Invasive Species Council of British Columbia

Early Detectors: A Summer of Mussel Monitoring

British Columbia remains free from invasive mussels, which have dramatically affected lakes across much of Canada and the US. This summer, with funding from the Habitat Conservation Trust Foundation, ISCBC was one of a group of organizations working to monitor BC’s lakes for the potential arrival of Quagga and Zebra mussels. ISCBC monitored 11 Cariboo lakes, providing samples to the provincial government for analysis and thankfully, no invasive mussels were found.

ISCBC outreach coordinator Ksenia Kolodka led the sampling efforts, with the help of ISCBC’s Job Creation Partnership team and volunteer contribution. Sampling was conducted at docks and boat launches in provincial parks and privately owned resorts. Locations with high volumes of water traffic were selected as they have a higher chance of becoming infested with invasive mussels.

Photo: Monitoring at Scout Island, Williams Lake BC

Zebra (Dreissena polymorpha) and Quagga mussels (Dreissena rostriformis bugensis) are fingernail-sized, freshwater mollusks that can easily attach themselves to objects and other organisms. These invasive mussels clog water treatment pipes and power plants, disrupt ecosystems, and are very difficult to remove. Forget walking barefoot on beaches littered with their razor-sharp shells. Read more about Quagga and Zebra mussels

Two tools are used to collect samples during invasive mussel monitoring. Plankton tow nets have a very fine mesh that stops juvenile Zebra or Quagga mussels passing through. Substrate samplers are plastic nets which are attached to a boat dock for the whole summer. If adult Zebra or Quagga mussels are present in the waterbody they will attach to the net.

Photo: Mussel monitoring with a plankton tow net, Deka Lake BC

How can you help?

The public has an important role to play in the battle against invasive mussels. We can all help to prevent the spread of invasive species through our watercraft and gear by practicing Clean, Drain, Dry. Follow these three easy steps:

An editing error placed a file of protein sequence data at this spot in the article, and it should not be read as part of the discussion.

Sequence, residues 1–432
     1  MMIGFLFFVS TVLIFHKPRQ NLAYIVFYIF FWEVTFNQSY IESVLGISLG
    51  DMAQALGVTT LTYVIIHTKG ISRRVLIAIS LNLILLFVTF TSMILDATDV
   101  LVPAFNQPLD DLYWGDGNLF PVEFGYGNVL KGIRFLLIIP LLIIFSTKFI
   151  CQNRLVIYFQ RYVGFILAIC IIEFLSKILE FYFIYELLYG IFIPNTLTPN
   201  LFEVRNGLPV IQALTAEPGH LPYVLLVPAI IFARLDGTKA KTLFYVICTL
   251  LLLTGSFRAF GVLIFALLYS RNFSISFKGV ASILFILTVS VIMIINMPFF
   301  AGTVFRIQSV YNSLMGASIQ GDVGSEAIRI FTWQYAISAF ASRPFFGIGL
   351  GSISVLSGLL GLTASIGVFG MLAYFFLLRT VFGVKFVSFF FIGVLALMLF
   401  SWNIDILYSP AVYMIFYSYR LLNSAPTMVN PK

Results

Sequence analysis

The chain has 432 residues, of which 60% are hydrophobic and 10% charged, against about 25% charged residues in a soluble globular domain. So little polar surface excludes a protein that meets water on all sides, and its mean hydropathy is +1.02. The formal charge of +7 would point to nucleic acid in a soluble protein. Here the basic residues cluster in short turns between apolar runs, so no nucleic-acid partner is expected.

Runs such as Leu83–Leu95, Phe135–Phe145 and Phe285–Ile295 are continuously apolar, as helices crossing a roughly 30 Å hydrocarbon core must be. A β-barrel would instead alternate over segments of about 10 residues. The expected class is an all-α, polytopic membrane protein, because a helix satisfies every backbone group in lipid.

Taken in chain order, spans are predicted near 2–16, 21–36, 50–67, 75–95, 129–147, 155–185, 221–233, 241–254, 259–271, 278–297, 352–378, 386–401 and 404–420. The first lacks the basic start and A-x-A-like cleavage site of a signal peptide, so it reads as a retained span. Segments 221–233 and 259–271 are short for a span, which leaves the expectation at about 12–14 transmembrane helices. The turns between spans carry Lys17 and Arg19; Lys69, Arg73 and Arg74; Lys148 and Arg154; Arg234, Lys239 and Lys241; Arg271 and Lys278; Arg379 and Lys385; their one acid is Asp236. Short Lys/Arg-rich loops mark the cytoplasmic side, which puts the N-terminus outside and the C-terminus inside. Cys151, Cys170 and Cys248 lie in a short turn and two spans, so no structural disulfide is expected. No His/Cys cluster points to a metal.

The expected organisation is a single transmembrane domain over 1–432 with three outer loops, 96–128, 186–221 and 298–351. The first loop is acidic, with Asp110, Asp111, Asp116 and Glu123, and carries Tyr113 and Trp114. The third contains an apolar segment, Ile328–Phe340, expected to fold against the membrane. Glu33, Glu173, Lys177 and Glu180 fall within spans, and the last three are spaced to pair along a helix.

• Clean plants, animals and mud from your boat and gear  
  • Drain all water from your boat and gear onto land  
  • Dry all parts of your boat and gear completely  

Please report ALL sightings of Zebra or Quagga mussels to the Report All Poachers and Polluters (RAPP) hotline: 1-877-952-7277

About the Clean Drain Dry program in BC:  
The Canadian Council on Invasive Species is pleased to work in partnership with the Invasive Species Council of BC and funding from Fisheries and Oceans Canada in launching the Clean Drain Dry program in BC, as the foundation for a national program. The project aims to encourage boaters and aquatic recreationists, who play a critical role in protecting local watersheds from invasive species, to Clean, Drain, and Dry all boats and equipment. Over a three-year pilot term, resources, signage and a social and digital media campaign will be designed to shift the behaviour of boaters and aquatic recreationists to encourage the practice of Clean, Drain and Dry. 

About the Invasive Species Council of BC: 
ISCBC is dedicated to keeping our landscapes and communities free of invasive species. It provides a coordinated, province-wide approach to reducing the impact of invasive species in BC. ISCBC unites efforts across the province and collaborates with a variety of partners to develop unique solutions for the wide variety of ecosystems across BC. 

About the Canadian Council on Invasive Species: 
The Canadian Council on Invasive Species works collaboratively across jurisdictional boundaries to support actions and information that can help reduce the threat and impacts of invasive species. Invasive species councils, committees, and coalitions representing provinces and territories across Canada established this federal society to work together to reduce the impact of invasive species across the country.